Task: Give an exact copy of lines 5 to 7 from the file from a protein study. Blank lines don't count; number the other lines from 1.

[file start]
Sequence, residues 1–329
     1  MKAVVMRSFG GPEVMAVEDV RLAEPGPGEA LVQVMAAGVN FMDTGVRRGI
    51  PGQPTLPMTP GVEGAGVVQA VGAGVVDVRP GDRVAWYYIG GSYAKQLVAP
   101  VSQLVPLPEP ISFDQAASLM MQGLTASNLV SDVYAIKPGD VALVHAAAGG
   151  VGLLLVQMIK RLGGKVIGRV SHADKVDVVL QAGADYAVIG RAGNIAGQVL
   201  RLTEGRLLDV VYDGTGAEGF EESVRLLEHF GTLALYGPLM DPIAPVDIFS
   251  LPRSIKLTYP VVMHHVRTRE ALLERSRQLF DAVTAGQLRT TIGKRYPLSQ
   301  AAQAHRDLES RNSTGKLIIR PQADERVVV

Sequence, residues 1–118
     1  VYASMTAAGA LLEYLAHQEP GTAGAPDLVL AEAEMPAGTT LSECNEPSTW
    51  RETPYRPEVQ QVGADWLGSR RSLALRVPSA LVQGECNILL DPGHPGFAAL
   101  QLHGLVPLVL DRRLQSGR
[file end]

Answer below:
   151  VGLLLVQMIK RLGGKVIGRV SHADKVDVVL QAGADYAVIG RAGNIAGQVL
   201  RLTEGRLLDV VYDGTGAEGF EESVRLLEHF GTLALYGPLM DPIAPVDIFS
   251  LPRSIKLTYP VVMHHVRTRE ALLERSRQLF DAVTAGQLRT TIGKRYPLSQ